Can you imagine the sight and sounds of hundreds of thousands of cranes?
More than 400,000 sandhill cranes have landed in Platte River in Nebraska, and to view them, thousands of tourists are flocking to the location as well!
Nebraska is a stopping point for about 80% of the sandhill crane population, as they migrate from their winter grounds in the Gulf coast to their nesting grounds as far north as Alaska and Canada. They gather along the Platte River each spring to rest and feed before continuing their journey.
The Graceful Sandhill Crane
These tall and graceful birds live in the wetlands, marshes and prairies of North America. There is a good chance you might have seen them, for they are the most abundant species among the 15 different species of cranes. The whooping crane is the largest and most endangered.
Sandhill cranes can be recognized by their gray bodies and crimson cap on their heads, and their characteristic bugle calls which can be heard from miles away. They feed on seeds, berries, insects, snails and small mammals from the bogs and marshes. The cranes are known for their brilliant dance displays, as they bow, stretch their wings and leap into the air to woo their partners!
Every breeding season, females nest in the wetlands and usually lay two eggs. However, only one fledgling normally survives the predators such as wolves, coyotes, ravens, and eagles. Cranes can fight back predators by leaping and kicking at aerial ones, and hissing and chasing away the land predators. So if you get too close to these cranes, watch out for their stampede!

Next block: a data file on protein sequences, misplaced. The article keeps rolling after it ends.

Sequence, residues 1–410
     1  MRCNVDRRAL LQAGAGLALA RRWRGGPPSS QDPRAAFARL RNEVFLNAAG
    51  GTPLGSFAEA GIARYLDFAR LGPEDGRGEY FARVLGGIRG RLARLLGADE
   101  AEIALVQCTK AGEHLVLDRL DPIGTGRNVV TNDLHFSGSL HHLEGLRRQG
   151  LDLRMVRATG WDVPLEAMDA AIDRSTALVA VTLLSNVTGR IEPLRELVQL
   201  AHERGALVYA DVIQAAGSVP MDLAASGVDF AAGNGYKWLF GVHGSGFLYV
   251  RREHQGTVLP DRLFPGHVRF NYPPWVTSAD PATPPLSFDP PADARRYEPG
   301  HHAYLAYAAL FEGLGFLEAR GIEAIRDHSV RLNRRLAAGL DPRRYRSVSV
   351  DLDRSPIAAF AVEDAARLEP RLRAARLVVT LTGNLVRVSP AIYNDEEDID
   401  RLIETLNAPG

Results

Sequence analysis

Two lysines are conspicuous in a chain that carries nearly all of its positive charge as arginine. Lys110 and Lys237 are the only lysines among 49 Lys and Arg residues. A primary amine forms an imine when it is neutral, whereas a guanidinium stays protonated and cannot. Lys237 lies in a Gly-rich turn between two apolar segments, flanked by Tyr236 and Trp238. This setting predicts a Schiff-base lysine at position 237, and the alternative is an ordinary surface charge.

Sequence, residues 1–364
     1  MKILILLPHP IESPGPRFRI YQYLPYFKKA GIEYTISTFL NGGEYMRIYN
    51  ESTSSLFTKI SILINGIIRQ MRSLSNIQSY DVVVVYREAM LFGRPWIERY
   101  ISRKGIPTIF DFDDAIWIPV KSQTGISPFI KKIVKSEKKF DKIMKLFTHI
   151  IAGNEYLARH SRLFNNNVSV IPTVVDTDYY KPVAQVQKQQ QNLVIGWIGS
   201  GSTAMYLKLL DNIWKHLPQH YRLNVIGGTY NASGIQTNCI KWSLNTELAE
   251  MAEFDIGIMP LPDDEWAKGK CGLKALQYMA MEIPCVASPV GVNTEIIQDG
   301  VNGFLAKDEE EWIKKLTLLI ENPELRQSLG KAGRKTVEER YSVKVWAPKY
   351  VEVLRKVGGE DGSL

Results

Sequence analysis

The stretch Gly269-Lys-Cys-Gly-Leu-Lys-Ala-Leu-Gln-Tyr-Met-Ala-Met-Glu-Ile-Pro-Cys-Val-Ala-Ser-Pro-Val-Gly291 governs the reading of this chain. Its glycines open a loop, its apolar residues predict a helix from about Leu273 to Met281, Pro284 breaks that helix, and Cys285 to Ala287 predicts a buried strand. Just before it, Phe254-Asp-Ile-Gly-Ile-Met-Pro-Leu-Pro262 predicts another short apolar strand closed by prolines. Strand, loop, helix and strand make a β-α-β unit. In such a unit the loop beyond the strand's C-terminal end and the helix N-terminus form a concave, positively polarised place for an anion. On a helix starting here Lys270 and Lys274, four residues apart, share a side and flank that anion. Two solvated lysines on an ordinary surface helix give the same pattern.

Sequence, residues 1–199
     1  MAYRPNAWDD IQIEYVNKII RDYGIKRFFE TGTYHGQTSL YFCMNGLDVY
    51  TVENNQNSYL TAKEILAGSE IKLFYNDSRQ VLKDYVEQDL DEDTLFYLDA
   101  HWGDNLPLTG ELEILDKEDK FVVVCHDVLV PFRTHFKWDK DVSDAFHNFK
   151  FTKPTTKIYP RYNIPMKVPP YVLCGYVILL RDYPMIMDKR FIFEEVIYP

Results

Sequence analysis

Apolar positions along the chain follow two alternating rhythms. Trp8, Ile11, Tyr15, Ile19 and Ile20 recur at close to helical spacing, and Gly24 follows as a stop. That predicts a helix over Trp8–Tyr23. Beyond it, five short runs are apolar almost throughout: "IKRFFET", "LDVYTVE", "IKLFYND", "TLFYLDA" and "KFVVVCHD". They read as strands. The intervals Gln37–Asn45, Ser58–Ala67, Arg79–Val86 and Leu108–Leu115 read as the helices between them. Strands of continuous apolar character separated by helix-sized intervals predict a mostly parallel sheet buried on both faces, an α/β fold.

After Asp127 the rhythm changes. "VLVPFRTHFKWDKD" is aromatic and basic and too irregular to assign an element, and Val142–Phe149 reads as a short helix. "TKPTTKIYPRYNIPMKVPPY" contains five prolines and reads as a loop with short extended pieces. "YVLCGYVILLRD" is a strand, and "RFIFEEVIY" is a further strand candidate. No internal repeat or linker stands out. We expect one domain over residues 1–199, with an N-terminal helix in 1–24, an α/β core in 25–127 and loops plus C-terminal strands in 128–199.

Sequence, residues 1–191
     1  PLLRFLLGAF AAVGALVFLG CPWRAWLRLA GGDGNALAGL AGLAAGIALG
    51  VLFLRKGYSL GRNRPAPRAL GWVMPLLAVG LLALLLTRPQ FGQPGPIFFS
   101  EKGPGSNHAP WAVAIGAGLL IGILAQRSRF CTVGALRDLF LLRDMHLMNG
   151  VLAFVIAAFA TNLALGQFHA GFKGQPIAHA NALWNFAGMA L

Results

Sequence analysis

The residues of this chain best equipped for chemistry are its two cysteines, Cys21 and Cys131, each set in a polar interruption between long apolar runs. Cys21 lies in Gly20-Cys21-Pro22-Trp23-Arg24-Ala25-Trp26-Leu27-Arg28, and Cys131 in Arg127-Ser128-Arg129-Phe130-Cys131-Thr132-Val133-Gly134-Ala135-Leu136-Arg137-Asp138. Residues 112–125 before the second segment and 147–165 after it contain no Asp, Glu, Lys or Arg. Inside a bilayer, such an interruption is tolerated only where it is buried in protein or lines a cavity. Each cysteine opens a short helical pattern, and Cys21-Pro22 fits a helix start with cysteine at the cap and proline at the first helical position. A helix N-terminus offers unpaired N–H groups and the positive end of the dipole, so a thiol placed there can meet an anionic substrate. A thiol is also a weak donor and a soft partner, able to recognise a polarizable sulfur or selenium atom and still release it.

The Great Migration
Some sandhill cranes such as the ones from Florida do not migrate. However, for the groups of sandhill cranes that do migrate, they travel from Florida and Mexico and across the United States into Canada, Alaska and even Siberia!
Although these birds are not endangered (in fact, they are considered “least concern"), they could potentially be harmed by the disappearance of wetland habitats they use for landing. In fact, dams in Nebraska have been slowly draining away the wetlands. While the birds are not physically harmed by the appearance of these dams, all 400,000 or so now have to crowd in just 20 miles of river space whereas years ago, they had four times as much space! If efforts are not made to conserve the wetlands, it could pose a threat to future generations of cranes.
But, for now, let’s enjoy the gathering of the sandhill cranes and listen to their bugling calls of summer.